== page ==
How I Learned to Feel The Music
Updated: Jan 1
For the past 8 years, I have been a Zumba instructor. When I first became an instructor and started learning songs for my playlist, I became very overwhelmed- everyone seemed to be able to pick up on choreography far easier than I did. It took me so much longer to learn songs, and as I listened to my peers say “just feel the music and it will come,” I tried and I tried to do so, but it just didn’t work. I really started to pay attention to where I struggled and what made it easier for me. I realized quickly that whenever I knew the meaning of the words, the exact number of beats, or had a verbal mnemonic for the step (“slow v-step then march it out, one two three four”) I was able to pay closer attention and the steps came easily. Whenever I wanted to learn a new songs, I started first by writing out all of the lyrics and learning any words I didn’t know if they were in another language. I would also slow down songs if a step was confusing me so I could figure out if it was exactly on the down beat of a note or just a fraction of a beat before. I created elaborate charts where I colored the lyrics of each same part of the song a different color, and made sure to note if there was even a little bit of a difference in the songs. Some of my instructor friends laughed when they saw my elaborate notes, and again said “just feel it.” But I couldn’t just feel it without these notes and charts, in fact these notes and charts were the way that I became able to just get lost in it. Once I knew the meaning and each intricate detail of the song and steps, I lost myself in the beauty and complexity, and knew just how to teach it to my class so that they would get the step effortlessly the first time. While I was happy I had found a way to learn my songs and found great enjoyment and pleasure in doing so there was still some shame that I couldn’t just learn it the first time I heard it like so many of my colleagues.
For some people, there lies a great joy in the unseen, and the effortlessness that comes with doing something intuitively. For some, we are able to get lost in something the more we know about it, and our enjoyment increases. But so often in therapy and counseling, we ask people to just feel it, and not break it down, not let them learn and enjoy it in the way that they would like. I know now that the way that I love something the most is to learn everything I can about it. I find peace through knowledge, and information. Even if the information I find out isn’t always positive, I find the healing through knowing the truth. I know that I can make peace with anything, but I have to know what that is. Too often I think we tell people who simply are not calmed by ambiguity that they need to be. This is a great disservice to them. Therapists need to be willing to help a person to heal, in whatever way that might be.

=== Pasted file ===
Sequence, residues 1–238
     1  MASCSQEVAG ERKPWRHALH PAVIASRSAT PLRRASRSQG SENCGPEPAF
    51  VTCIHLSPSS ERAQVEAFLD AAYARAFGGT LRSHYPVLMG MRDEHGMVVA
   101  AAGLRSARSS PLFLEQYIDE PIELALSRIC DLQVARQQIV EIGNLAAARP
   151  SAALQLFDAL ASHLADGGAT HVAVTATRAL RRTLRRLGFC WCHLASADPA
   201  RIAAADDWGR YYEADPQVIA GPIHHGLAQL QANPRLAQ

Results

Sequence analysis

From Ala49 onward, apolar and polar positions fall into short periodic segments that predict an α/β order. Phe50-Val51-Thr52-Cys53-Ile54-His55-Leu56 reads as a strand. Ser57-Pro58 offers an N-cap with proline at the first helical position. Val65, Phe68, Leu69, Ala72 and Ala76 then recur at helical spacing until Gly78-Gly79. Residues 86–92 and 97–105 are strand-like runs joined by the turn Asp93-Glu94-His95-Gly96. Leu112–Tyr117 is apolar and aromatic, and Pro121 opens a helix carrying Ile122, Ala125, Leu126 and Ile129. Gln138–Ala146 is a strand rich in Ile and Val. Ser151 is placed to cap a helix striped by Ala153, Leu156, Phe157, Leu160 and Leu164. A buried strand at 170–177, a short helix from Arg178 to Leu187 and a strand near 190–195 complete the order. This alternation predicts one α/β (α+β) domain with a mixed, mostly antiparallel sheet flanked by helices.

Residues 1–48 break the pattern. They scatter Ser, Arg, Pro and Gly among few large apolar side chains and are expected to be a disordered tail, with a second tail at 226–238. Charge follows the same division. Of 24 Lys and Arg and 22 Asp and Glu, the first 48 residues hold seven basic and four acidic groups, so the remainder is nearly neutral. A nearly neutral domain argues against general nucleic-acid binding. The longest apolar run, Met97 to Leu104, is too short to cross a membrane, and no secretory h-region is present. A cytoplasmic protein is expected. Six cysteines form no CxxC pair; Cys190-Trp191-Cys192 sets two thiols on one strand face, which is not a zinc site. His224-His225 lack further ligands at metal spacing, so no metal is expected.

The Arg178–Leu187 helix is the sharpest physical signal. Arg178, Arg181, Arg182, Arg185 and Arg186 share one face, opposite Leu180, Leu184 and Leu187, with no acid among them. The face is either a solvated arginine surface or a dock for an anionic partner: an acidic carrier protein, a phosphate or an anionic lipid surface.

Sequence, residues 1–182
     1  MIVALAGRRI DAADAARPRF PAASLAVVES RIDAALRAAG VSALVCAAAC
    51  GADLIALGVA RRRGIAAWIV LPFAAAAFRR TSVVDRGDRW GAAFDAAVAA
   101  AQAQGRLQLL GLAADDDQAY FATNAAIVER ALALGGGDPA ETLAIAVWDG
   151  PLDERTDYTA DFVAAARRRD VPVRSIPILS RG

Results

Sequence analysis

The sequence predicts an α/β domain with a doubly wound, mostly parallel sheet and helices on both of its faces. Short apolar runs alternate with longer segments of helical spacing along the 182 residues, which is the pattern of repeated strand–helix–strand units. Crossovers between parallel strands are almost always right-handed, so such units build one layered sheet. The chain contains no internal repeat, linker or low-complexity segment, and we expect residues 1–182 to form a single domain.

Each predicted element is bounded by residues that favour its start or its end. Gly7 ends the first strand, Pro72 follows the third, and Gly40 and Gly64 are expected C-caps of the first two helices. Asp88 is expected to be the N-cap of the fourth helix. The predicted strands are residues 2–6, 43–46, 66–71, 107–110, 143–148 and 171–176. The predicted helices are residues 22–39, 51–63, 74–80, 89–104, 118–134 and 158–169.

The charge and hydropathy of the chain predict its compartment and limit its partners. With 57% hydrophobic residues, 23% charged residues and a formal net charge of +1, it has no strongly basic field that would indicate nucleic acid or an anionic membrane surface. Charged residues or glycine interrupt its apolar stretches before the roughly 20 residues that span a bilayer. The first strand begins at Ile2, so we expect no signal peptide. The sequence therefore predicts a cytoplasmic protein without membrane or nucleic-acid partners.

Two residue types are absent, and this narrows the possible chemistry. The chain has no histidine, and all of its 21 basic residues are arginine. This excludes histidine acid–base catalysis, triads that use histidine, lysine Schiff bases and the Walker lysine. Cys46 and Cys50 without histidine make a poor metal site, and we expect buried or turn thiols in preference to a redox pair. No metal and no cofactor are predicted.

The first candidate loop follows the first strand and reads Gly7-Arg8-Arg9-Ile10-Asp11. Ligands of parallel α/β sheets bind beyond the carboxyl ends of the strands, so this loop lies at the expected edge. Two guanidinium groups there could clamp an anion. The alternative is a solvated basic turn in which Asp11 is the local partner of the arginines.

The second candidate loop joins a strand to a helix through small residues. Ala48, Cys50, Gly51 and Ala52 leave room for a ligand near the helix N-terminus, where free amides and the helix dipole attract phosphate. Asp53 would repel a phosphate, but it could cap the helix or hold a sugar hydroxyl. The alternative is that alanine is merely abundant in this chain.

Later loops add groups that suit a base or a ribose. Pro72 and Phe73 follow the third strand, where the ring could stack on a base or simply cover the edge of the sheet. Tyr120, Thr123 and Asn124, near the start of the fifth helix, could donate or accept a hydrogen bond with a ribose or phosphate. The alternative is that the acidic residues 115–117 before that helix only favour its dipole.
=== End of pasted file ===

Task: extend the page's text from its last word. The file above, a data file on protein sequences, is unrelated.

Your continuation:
There is no doubt that for a large percentage of people with eating disorders, tracking information such as amount of exercise, food consumed, etc is negative. But for some with certain personality profiles, collecting data is helpful. I have seen some people with eating disorders get a Fitbit and compete for the highest number of calories. I have also seen people with a Fitbit be surprised and just how active they are, be calmed by the data, and be willing to cut down on movement or increase nutrition. We have to be open to the different learning styles of each of our clients, and stop short of condemning most practices as a whole. Even if a practice is has negative consequences for many people, we still need to be open to embracing when these methods might be helpful.
As we move into truly personalized medicine, especially in mental health, we need to look at what works for the individual person. As a researcher, I love statistics that describe group norms. But even more I love data about individuals. When I am working as a therapist, I am still gathering data: what do I know works for this person in front of me at this moment? What do I know does not work for this person? And in listening, observing, and collecting data, we will be far more able to help each and every person with an eating disorder, or any other mental health condition that we treat. We have to pay attention to how each person feels the music, we can't just tell them that they should.
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